Monthly Archives: February 2012

Legal Fiction: Chapter 1

There’s nothing harder in life than outliving your child. Forget any heartbreak you think you’ve been through – nothing compares.

Karen Hale learned this the hard way when she lost her son Matthew. Like many mothers, she’d had never been fond of her son going into the army but didn’t have the heart to dissuade him from following his dreams. Matthew’s father was an army man and he wanted to be just like dad. Never mind the fact that his father was also a terrible husband and a worse father…those are the kinds of things a wife understands and a child doesn’t. Maybe that’s what made it especially hard for Karen when the men in uniform knocked at her door to give her the news: the Lord hadn’t taken her son away from her, her ex-husband had.

And then tragedy struck again. Only three years after losing Matthew, Karen got the call every parent has nightmares about. As she was in the middle of preparing lunch, the phone rang. She peered at the phone’s caller ID.  “Area code 212…hmm…must be Chelsea. I hope everything’s ok” she thought. Chelsea was the good child. She was the child that played well with others and obeyed her elders. She was the child that got all A’s, got into Georgetown, then Stanford Law, then landed a prestigious corporate law job.  She was everything Matthew wasn’t and deep down she was Karen’s favorite…even though Karen would never ever admit it. She and her daughter would talk from time to time but usually it was on the weekends. That’s what led her to feel a little worried. Her daughter was calling her on a Tuesday afternoon in the middle of work.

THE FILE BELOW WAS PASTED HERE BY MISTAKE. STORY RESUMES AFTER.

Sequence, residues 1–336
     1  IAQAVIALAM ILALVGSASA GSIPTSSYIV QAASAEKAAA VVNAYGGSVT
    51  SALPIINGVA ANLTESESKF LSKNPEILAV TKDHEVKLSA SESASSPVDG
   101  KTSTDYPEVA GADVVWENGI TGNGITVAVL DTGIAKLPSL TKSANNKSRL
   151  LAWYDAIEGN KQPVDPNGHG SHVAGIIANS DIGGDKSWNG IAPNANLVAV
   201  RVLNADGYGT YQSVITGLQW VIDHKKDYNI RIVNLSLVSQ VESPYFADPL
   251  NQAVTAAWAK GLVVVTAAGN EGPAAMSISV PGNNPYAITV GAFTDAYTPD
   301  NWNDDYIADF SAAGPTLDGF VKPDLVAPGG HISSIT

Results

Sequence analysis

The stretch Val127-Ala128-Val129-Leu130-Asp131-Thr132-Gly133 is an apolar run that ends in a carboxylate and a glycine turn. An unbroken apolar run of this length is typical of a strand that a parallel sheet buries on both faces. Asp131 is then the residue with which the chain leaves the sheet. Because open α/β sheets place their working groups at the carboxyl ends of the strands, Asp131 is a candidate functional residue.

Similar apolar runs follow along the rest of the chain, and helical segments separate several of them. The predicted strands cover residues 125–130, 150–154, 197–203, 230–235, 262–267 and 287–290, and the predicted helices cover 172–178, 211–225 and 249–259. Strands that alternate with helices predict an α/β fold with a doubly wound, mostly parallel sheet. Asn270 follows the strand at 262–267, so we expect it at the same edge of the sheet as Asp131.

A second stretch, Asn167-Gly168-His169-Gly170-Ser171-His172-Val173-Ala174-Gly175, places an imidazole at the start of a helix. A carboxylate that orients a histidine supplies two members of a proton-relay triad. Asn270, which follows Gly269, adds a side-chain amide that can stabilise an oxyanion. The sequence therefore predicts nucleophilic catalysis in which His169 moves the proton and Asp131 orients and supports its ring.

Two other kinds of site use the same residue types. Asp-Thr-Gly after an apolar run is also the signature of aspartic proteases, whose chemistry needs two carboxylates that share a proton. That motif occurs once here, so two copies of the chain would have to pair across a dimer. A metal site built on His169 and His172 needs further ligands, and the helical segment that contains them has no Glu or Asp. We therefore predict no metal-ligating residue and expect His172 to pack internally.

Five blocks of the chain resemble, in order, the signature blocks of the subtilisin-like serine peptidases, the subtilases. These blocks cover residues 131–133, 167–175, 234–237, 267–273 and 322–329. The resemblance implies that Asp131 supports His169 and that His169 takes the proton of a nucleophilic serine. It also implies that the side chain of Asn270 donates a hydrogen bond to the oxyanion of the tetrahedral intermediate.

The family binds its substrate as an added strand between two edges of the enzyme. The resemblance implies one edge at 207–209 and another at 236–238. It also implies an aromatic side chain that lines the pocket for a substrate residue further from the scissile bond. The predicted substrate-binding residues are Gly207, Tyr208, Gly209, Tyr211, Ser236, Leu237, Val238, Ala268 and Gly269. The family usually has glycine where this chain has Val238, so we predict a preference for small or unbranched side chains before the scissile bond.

“Hi Chelsea, how’s everything?” Karen answered.

“Is this Karen Hale?” a gruff, male voice tersely replied.

“Yes…who is this?”

“I’m Detective David Stark from the New York Police Department. How is Chelsea Hale related to you?”

“She’s my daughter, why?”

“Have you spoken with her recently?

“Not for about a week. What’s all of this about sir?”

“Ma’am, how quickly can you get to New York?”

He didn’t need to say another word. Karen’s heart dropped as she started to realize that something very very wrong had happened. Still, she asked “is Chelsea in some sort of trouble?”

“Ma’am, there’s no easy way to … we believe she may have taken her life this morning.”

The phone dropped from her hand and Karen stood in shock. She stared out the kitchen window, juxtaposed against the world around her. Outside, it was a beautiful day. The sky was a brilliant azure kissed by a glowing mid-day sun. The birds were dancing throughout the sky, using the crisp breeze as their playground. Inside, a storm was building and the rain began pouring. Karen began to tear up then cry then sob as she stood frozen in place. Meanwhile the phone lay on the ground as the NYPD detective tried to reach out.